Gimme a solar-powered, floating, 2-port Gigabit Ethernet repeater/switch and you could cable just about anywhere. :-)
Can't get good saboteurs these days can you? Typical story... job left half done. Down here in Tanzania, one of the supposedly freshly benighted spots, there's currently no difference to the round trip time: 244ms ping, can't be satellite, so some cable is still connected. Speed seems faster than usual too (admittedly that isn't saying much), which one would imagine mightn't be the case if the chopped fibre customers were all being diverted onto the one remaining cable.
Some ISPs in South Africa are also affected. Everybody still has international connectivity through the two older cables, but for the last 10 days I've been getting less than 20KB/s when streaming video on my home ISP, instead of the usual 120 KB/s. My HSPA+ connection(differant ISP) had no issues though.
I think you'll find that the United States and Europe cannot be cut off from the internet by two boats - particularly as they, for all intents and purposes, *are* the internet.
'The cloud' has its drawbacks (the name, for one) and strengths, but for anyone in an industrialized nation, the worry of suddenly having your data sliced off by an errant fishing boat is remote.
I was going to follow up that very point on an earlier post, but couldn't be bothered...
However, the highly regarded Wikipedia states:
The international nautical mile was defined by the First International Extraordinary Hydrographic Conference, Monaco (1929) as exactly 1852 metres. This is the only definition in widespread current use, and is the one accepted by the International Hydrographic Organization and by the International Bureau of Weights and Measures (BIPM).
What we both thought of as a proper nautical mile, is in fact, a sea mile. Vis:
In English usage, a sea mile is, for any latitude, the length of one minute of latitude at that latitude. It varies from about 1,842.9 metres (6,046 ft) at the equator to about 1,861.7 metres (6,108 ft) at the poles, with a mean value of 1,852.3 metres (6,077 ft). The international nautical mile was chosen as the integer number of metres closest to the mean sea mile.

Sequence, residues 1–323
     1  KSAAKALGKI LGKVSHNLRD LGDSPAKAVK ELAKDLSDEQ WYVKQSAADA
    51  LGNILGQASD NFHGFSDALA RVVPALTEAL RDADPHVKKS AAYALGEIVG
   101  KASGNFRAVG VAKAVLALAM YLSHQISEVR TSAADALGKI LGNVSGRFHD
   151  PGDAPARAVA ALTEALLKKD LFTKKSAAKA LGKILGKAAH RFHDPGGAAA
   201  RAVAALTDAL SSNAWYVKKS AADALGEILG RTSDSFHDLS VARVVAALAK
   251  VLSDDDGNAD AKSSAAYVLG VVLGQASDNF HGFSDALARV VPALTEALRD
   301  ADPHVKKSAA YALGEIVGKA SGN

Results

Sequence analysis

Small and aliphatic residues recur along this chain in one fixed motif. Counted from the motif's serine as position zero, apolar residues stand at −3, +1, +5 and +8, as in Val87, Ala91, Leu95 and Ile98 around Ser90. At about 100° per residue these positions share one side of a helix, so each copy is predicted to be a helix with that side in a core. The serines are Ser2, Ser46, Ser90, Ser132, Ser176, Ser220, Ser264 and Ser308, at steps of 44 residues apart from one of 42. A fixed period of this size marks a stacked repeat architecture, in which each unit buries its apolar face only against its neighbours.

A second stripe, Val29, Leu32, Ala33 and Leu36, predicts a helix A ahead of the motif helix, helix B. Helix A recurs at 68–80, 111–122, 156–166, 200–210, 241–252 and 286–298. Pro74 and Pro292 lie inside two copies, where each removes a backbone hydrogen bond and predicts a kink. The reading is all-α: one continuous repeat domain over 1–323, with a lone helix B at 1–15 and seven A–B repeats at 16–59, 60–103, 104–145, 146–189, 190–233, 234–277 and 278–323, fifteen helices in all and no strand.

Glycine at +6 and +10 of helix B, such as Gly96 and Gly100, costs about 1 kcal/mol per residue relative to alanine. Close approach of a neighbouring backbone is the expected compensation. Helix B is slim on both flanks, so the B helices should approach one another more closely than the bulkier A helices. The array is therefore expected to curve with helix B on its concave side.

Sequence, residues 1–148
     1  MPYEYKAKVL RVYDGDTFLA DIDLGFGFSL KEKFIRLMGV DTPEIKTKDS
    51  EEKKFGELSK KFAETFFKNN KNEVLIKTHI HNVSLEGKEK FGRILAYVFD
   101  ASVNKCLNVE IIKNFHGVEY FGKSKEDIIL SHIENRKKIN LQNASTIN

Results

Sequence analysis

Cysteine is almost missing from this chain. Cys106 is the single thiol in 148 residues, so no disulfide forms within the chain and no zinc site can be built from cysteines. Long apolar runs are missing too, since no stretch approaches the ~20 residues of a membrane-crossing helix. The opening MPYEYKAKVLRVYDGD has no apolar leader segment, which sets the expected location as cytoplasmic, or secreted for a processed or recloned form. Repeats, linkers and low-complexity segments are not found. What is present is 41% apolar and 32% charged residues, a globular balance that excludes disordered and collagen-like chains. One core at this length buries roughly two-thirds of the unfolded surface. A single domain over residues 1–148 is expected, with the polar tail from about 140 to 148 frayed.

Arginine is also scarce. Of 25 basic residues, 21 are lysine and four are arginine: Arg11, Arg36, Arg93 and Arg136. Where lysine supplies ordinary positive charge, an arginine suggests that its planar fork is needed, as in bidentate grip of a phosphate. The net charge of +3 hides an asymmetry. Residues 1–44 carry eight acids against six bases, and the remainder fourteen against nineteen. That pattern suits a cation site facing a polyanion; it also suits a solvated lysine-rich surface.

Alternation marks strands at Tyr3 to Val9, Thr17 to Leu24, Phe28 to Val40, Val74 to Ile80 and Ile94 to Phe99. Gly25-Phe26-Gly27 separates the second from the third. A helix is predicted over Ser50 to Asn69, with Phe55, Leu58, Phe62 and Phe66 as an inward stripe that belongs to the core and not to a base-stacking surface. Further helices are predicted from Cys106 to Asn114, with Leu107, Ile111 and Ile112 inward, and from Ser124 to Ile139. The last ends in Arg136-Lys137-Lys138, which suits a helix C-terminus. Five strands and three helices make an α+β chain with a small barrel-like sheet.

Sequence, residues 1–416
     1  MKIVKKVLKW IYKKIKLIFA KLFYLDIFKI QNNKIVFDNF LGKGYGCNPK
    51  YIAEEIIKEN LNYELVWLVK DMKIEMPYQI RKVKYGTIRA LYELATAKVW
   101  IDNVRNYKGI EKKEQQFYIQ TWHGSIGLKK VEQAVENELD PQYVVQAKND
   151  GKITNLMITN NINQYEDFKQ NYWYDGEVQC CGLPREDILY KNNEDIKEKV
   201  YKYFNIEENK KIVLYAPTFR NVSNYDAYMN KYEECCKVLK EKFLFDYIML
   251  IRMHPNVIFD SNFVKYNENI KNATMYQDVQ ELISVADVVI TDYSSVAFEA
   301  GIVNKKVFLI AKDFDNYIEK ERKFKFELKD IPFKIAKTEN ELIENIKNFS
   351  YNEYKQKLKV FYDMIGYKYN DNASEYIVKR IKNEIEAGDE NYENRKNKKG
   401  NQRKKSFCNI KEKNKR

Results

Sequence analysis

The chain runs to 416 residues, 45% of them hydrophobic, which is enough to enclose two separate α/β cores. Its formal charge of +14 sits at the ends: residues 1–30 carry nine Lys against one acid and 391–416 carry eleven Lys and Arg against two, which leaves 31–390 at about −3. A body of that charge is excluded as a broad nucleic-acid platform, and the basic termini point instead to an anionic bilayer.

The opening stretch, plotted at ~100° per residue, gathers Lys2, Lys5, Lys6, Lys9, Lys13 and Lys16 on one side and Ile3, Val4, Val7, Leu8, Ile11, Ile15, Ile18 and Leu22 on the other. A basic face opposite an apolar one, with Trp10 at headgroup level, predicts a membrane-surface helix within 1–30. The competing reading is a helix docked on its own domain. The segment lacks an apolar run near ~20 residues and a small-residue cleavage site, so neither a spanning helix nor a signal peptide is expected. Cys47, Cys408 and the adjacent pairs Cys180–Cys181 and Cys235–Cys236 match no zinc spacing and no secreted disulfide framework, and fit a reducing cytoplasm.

So, we are both wrong. And right.
4 cables in a *very* short space of time does look pretty suspicious. While 650 feet is one serious anchor cable.
Now there are people who do sea bed trawling for things like shell fish. They would go along the sea bed and an unscrupulous captain *could* read "restricted" area as "unfished" area, hence loaded with booty and worth a go.
Which begs the question of how common sea bed trawling is in Africa?
I don't think there's a shortage of unscrupulous captains who would try.
Of course, it does look a bit silly to be running a cable underwater up the narrow Red Sea, but when you look at the neighbouring countries you wonder if things could be any safer by land.
The first telegraph cable from London to India went mostly underwater for similar reasons of security. Some of those little red dots on the map were there to provide telegraph stations.
Cost at sea. Hire of boat + x km of cable
Cost on land. Permits, payments to landowners, bribes to local officials, hiring JCBs, digging a tunnel alongside a road, building a conduit, closing roads and building tunnels under them, building your own road and bridges where there aren't any - plus the cost of x km of cable.
Then you have the risk - there are a lot more idiots with JCBs than there are idiots with anchors. Undersea cables are only really vulnerable when approaching land, there aren't a lot of people anchoring in 3000m deep oceans.